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4 Door Charger Critics, Stop
Your Whining!

Doesn’t anybody remember how lousy things used to be? I’m talking about the entire decade of the Eighties when “The New Chrysler Corporation” was all about spinning an unending line of front wheel drive (FWD) variants off the K-car platform. Sure, these cars, like the bricks in a tall chimney, played a pivotal role in swinging Chrysler back from the brink of bankruptcy, but let’s face it, they made it hard to be a Mopar guy.

I remember all my Ford and GM buddies giving me grief because “their” 5.0 liter Mustangs, Z/28 Camaros, C4 Corvettes, Buick Grand Nationals and Trans Am Firebirds were solid American muscle cars (relatively speaking) while the Charger 2.2 was a joke. I tried to deliver a valid comeback but I was stumped. An unfortunate angle to the sorry state of affairs was that while Mopar dudes could tout the glory of Max Wedges, Hemis, Six Packs SuperBirds and all the rest of the muscle-car machinery, it made us look like we were living in the past. This subjected us to even more ridicule. We were dinosaurs and the competition knew it.

Before all you Mopar FWD guys write me hate mail, I’ll agree that the K-cars (and the myriad extensions of same) were decent basic transportation modules…for what they were. And I’ll admit lust for a clean Omni GLH-S. With its turbo’ed 2.2 in that tiny cracker box body shell, it was the second coming of the 383 Dart, and the “goes like hell” moniker was well deserved. I’ll also readily admit that the turbo Neons are screamers that revisit the value of the Duster 340 and will surely become collectibles in the near future. So I’m one of you, okay? I feel your pain, I share your glory, dig?

But I just couldn’t – and still can’t – get my head around the FWD thing. My buddy, and former boss at Hot Rod Magazine, David Freiburger summed it up so well when he blurted out “wrong wheel drive” during an editorial meeting. Some of the corporate higher ups wanted to know why Hot Rod wasn’t into the FWD sport compact fad. David’s quip hit it right on the head. For what we do with our cars, drag racing, road racing, raising hell, FWD is wrong wheel drive.

So now when I hear uninformed geeks saying the 2006 / 2007 Charger isn’t a real Charger, I want to take them by the ear, toss ‘em into a time machine, and make ‘em re-live the year 1982. Remember those two-page magazine ads showing an obviously airbrushed bright red Charger 2.2 jutting off the page at an aggressive angle? A pretty start, but it quickly went down hill when the ad quoted 0-to-50 mph acceleration times. That’s right, 0-to-50, not the industry standard 0-60 sprint. Why? Because even with a 2400-pound curb weight the Charger 2.2 took 6.9 seconds to hit 50. Want to keep going to 60 mph? Then you can add two to three seconds to the total. 6.9 seconds sure is a lot more sexy than 9.9 seconds, isn’t it.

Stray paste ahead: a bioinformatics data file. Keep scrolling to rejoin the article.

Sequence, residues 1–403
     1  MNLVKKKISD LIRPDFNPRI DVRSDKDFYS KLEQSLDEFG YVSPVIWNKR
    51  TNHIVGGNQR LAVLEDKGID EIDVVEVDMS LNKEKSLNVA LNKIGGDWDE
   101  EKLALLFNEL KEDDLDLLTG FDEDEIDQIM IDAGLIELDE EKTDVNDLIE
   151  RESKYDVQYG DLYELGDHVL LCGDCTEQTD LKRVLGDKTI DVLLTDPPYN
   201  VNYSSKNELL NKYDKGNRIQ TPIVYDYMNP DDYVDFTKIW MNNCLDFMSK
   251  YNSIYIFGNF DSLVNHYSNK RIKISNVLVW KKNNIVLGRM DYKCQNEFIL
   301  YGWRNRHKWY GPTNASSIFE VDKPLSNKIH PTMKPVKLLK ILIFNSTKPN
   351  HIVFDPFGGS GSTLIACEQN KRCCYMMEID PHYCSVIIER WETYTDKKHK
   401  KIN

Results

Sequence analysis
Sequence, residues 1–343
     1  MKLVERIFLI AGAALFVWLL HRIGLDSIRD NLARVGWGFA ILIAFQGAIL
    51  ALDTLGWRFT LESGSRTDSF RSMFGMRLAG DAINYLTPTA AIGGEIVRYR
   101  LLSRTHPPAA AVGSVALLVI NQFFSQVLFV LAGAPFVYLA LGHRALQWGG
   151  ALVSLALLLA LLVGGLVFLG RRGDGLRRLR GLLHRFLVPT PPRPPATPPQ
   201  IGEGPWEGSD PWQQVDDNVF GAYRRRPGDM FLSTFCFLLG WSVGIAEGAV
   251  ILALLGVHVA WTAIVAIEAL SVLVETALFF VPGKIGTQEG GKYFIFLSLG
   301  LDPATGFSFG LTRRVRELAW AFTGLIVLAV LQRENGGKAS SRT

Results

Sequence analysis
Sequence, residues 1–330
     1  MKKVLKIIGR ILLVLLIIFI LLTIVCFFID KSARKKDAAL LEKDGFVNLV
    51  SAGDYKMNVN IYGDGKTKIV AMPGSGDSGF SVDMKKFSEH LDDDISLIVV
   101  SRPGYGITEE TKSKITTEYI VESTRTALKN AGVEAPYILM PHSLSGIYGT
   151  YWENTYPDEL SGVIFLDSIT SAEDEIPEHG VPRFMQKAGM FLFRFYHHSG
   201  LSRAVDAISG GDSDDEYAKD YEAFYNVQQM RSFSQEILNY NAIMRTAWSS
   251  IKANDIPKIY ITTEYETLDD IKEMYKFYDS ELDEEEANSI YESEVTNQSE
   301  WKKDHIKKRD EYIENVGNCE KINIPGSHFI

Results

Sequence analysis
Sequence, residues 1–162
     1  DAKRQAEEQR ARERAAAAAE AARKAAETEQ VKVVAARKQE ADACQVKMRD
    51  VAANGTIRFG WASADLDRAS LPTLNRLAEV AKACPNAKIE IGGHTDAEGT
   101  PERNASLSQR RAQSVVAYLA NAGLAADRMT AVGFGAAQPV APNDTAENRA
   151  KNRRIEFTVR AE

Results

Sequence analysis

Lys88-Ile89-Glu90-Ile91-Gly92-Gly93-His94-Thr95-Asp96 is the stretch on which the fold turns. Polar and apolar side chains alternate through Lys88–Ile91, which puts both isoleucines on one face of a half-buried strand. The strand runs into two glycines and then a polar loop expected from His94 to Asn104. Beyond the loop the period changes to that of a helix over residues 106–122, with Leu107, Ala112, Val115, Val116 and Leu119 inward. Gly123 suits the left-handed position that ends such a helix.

But wait, there’s more. Powering the Charger 2.2 was Chrysler’s 135-inch carbureted Trans-4 mill. The advertising guys played some more sleight of hand with published power ratings by side stepping the matter of horsepower altogether – which was well south of the 100-horse mark. Instead they focused on its 111 foot-pounds of torque. The Charger 2.2 ad copy appearing in the September 1981 issue of Motor Trend reads; “We took Chrysler’s gutsy new 2.2 liter overhead cam engine, that cranks out 111 foot-pounds of torque at 2800 RPM, hooked on a 3.13:1 final drive ratio, and ‘stuffed’ it into one of the slipperiest missiles ever built in America.” What about horsepower? It was pitifully embarrassing so again, the ad copy writers swept it under the rug and, as they like to say, “accentuated the positive.”

All of which brings us to the new DCX-era Dodge Charger. Guys, let’s stop whining about the fact it’s a four-door. Wake up! This is an honest to goodness rear wheel drive performance car that’s available with not one but two Hemi engines that require absolutely no advertising magic to fluff up. Even with the basic 2.7-liter V6, Charger is a better performer than the old Charger 2.2. Move up to the 250 horsepower 3.5 liter V6 and it can tangle with the once vaunted Mustang 5.0 and IROC-Z. But swing the extra coins for the 5.7 Hemi and you’ve got a low 14-second car on your hands. At the top, go for the SRT8. With 425 net horsepower, this 6.1 Hemi-powered beast runs mid-thirteens and can out drag any Street Hemi-powered Charger from the old days. Think about that.

What’s more, all the great old Charger performance icons are making a return. We’ve got factory fresh Daytonas, Super Bees, R/T’s, even blackout paint if that’s your bag. So let’s make sure we don’t become too jaded as the years roll by and excitement returns to the showroom floor. Remember, those who do not remember the past are forced to relive it. And in the case of Chrysler’s FWD Eighties, let’s not, okay?  

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